At 90, special adviser has no plans to quit

September 23, 2004, vol. 31, no. 2
By Marianne Meadahl



Document Tools

Print This Article

E-mail This Page

Font Size
S      M      L      XL

Related Stories

Thelma Finlayson retired from SFU 25 years ago with an impressive career in the field of pest management, a graduate program she helped establish at the university.

But she has continued to make the trek to campus ever since that retirement, for science and for her students.

Finlayson is a special adviser to students experiencing academic difficulty. Now 90 years old, she has no plans to stop the job she considers crucial to students who may be at the make-or-break point in their academic careers.

“I've done a lot of research in my day, but by far my most worthwhile work has been with these students,” says Finlayson, who on average counsels half a dozen students weekly.

Finlayson became involved with academic counselling more than 30 years ago, helping students to devise academic programs to best suit their needs and abilities.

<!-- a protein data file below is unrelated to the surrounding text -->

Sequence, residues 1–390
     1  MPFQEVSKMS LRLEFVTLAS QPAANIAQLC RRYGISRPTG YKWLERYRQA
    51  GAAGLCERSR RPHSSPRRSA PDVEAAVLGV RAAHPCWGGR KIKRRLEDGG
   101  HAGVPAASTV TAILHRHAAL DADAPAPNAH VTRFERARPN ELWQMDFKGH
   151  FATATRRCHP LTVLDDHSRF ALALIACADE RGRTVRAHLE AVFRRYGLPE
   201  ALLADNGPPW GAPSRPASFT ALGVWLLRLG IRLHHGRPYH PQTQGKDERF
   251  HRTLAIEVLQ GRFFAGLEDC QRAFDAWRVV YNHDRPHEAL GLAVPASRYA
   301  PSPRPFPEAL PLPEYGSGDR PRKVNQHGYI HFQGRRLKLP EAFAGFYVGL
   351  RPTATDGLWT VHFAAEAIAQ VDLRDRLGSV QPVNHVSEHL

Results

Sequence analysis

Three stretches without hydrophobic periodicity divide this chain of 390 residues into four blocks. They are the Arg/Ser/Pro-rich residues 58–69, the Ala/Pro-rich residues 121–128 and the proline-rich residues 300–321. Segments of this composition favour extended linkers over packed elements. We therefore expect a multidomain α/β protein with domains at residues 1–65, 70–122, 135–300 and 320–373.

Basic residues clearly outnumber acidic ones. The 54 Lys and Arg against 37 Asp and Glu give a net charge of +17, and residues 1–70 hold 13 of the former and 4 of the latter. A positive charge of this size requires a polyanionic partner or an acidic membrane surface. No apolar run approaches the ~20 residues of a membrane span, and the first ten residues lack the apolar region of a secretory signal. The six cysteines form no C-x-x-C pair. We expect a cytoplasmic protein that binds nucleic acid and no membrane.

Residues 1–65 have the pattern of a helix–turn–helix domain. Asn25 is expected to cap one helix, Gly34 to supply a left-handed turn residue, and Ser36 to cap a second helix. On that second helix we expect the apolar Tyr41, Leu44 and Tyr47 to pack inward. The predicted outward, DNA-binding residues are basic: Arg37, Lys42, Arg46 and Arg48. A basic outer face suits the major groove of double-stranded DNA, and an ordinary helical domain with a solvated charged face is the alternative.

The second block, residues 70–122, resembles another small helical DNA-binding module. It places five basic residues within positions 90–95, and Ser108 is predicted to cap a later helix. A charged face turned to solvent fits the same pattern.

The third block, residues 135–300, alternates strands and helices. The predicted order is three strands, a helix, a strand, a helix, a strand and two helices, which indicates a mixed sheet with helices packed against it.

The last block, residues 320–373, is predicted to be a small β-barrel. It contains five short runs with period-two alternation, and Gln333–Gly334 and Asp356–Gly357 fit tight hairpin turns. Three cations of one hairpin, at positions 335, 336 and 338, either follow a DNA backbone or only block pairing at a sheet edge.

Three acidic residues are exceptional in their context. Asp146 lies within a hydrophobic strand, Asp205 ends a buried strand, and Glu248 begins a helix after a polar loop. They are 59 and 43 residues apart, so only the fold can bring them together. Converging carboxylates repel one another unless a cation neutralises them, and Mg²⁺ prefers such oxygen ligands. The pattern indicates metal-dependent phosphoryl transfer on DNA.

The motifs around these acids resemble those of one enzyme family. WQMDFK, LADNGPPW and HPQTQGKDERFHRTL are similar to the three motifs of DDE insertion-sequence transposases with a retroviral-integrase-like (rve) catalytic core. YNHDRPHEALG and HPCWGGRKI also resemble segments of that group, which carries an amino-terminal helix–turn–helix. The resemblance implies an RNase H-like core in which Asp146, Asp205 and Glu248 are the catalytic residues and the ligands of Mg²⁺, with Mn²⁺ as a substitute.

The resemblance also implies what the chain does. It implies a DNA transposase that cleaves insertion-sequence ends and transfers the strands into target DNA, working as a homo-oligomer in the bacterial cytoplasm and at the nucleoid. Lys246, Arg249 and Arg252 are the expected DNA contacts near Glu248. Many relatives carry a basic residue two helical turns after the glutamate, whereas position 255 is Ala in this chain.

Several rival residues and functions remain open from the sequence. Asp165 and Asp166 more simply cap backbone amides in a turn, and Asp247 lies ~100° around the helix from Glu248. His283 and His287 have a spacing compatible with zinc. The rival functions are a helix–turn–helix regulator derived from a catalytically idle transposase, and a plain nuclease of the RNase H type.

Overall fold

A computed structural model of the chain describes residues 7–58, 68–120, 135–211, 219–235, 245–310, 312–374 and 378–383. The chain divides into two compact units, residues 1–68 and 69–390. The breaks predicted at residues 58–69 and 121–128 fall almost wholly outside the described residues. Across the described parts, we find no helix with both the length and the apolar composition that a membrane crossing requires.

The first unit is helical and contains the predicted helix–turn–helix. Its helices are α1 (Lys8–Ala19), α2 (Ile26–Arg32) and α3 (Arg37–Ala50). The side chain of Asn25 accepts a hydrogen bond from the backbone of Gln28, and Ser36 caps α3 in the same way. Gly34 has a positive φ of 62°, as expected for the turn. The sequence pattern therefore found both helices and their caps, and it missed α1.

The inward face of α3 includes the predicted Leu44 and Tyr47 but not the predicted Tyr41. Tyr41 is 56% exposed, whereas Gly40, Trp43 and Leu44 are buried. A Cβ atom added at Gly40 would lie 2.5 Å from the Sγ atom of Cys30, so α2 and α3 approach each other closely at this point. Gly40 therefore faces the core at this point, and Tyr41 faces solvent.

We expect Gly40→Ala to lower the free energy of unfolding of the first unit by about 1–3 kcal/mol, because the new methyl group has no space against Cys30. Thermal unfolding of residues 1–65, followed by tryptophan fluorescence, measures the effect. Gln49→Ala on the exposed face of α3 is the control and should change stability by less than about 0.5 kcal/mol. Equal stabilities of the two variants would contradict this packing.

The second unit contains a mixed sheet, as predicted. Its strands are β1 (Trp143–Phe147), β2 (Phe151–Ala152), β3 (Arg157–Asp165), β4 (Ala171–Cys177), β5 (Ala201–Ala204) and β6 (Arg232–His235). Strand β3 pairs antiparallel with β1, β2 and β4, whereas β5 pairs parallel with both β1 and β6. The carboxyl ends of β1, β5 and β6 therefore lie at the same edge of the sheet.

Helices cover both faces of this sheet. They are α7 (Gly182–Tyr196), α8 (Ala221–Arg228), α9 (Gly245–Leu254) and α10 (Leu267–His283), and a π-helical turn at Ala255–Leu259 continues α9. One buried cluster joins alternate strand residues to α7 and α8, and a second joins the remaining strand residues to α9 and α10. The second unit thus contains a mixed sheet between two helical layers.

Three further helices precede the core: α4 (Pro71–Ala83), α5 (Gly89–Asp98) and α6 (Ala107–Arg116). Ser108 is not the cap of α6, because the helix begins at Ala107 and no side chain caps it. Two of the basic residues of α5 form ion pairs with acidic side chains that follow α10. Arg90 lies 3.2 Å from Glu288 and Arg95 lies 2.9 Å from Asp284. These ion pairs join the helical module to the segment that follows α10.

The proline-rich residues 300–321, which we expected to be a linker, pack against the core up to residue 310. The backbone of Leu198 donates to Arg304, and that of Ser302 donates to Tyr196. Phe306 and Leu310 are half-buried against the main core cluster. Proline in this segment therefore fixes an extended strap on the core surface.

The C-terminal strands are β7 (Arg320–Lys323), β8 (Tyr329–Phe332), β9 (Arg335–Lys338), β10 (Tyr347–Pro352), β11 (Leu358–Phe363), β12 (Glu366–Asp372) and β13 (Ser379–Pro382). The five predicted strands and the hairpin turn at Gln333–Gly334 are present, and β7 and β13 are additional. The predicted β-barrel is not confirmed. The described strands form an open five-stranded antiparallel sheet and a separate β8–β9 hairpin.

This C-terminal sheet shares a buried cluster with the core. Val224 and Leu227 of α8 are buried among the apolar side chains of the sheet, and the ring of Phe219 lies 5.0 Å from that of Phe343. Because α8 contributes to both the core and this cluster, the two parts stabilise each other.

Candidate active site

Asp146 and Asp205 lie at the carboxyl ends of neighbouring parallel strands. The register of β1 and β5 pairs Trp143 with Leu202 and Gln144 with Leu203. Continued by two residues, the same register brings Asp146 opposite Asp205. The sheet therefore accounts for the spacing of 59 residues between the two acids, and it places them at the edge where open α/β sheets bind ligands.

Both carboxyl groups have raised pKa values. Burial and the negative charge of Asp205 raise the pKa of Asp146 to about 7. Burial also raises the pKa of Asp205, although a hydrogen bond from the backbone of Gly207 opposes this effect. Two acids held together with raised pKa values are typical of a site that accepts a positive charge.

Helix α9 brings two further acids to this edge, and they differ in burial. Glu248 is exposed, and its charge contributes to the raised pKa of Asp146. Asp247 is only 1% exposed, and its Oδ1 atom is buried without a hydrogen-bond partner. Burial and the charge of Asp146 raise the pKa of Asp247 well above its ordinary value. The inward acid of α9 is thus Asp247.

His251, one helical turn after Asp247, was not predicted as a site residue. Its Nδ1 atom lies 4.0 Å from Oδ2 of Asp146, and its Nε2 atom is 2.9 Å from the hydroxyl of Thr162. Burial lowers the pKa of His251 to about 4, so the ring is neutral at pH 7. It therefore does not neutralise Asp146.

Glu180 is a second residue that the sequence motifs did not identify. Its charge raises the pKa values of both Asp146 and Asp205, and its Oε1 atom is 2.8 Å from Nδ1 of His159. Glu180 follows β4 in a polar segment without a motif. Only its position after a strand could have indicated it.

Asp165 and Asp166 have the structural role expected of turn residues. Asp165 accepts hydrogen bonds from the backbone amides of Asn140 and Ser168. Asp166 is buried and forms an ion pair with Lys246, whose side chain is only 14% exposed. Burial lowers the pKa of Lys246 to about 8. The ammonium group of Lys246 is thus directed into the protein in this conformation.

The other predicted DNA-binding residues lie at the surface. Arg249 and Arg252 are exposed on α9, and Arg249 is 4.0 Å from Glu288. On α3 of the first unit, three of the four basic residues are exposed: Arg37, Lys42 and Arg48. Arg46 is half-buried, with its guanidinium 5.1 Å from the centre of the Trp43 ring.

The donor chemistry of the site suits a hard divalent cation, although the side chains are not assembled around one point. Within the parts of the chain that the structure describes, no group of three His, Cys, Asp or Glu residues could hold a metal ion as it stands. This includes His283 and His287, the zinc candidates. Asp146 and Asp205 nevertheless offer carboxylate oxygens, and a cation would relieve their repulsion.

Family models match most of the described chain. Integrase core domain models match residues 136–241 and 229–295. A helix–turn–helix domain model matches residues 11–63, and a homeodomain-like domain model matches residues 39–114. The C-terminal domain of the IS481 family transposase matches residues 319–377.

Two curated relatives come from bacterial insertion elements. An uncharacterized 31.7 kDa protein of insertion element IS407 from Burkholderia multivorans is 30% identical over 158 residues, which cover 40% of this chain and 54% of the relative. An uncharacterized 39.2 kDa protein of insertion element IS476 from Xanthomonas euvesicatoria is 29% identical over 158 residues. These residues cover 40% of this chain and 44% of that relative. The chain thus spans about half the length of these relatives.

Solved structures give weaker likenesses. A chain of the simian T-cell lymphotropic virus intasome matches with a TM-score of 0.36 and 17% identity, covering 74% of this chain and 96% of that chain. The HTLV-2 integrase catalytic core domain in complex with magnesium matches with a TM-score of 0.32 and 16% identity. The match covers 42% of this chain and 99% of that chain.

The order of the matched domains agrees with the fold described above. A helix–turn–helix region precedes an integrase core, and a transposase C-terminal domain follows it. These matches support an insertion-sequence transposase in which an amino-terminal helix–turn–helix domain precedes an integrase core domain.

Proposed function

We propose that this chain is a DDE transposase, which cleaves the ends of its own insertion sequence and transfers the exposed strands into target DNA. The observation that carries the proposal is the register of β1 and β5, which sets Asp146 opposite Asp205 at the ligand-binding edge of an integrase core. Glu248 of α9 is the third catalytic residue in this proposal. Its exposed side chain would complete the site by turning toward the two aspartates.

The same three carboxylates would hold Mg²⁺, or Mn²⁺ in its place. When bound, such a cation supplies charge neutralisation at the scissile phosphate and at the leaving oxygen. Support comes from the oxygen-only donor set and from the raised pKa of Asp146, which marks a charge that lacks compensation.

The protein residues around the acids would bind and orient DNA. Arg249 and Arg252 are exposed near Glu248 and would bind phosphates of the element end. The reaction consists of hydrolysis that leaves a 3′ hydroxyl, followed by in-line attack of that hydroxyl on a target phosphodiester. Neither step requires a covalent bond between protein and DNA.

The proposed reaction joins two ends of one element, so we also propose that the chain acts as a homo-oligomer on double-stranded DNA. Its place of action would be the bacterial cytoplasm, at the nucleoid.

Her advice now focuses on helping students in academic difficulty figure out their options, such as how to apply for retroactive withdrawal if there are extenuating circumstances. She even offers to edit the letters they are required to write.

“It's all spelled out in the calendar, but it's better to have an empathetic person who can help sort through it,” says Finlayson, who no longer receives a salary. “I help them to survive.”

“Mostly,” she concedes, “I listen. I ask a few general questions and look at their transcripts to see if maybe there is a pattern related to their grades dropping. I give them my full attention. That can sometimes make all the difference.”

Finlayson, who was awarded an honorary degree from SFU in 1996, has a small research project to complete and still has an office in biology. “I should just finish it off,” she concedes, “but my time is better spent with students,” says the former biology professor.

Finlayson says students will sometimes return to let her know how her help paid off. Last Christmas, one student sent a dozen red roses. “I love to help people,” she says. “I'll keep doing it, with enthusiasm, for as long as they'll let me.”

Search SFU News Online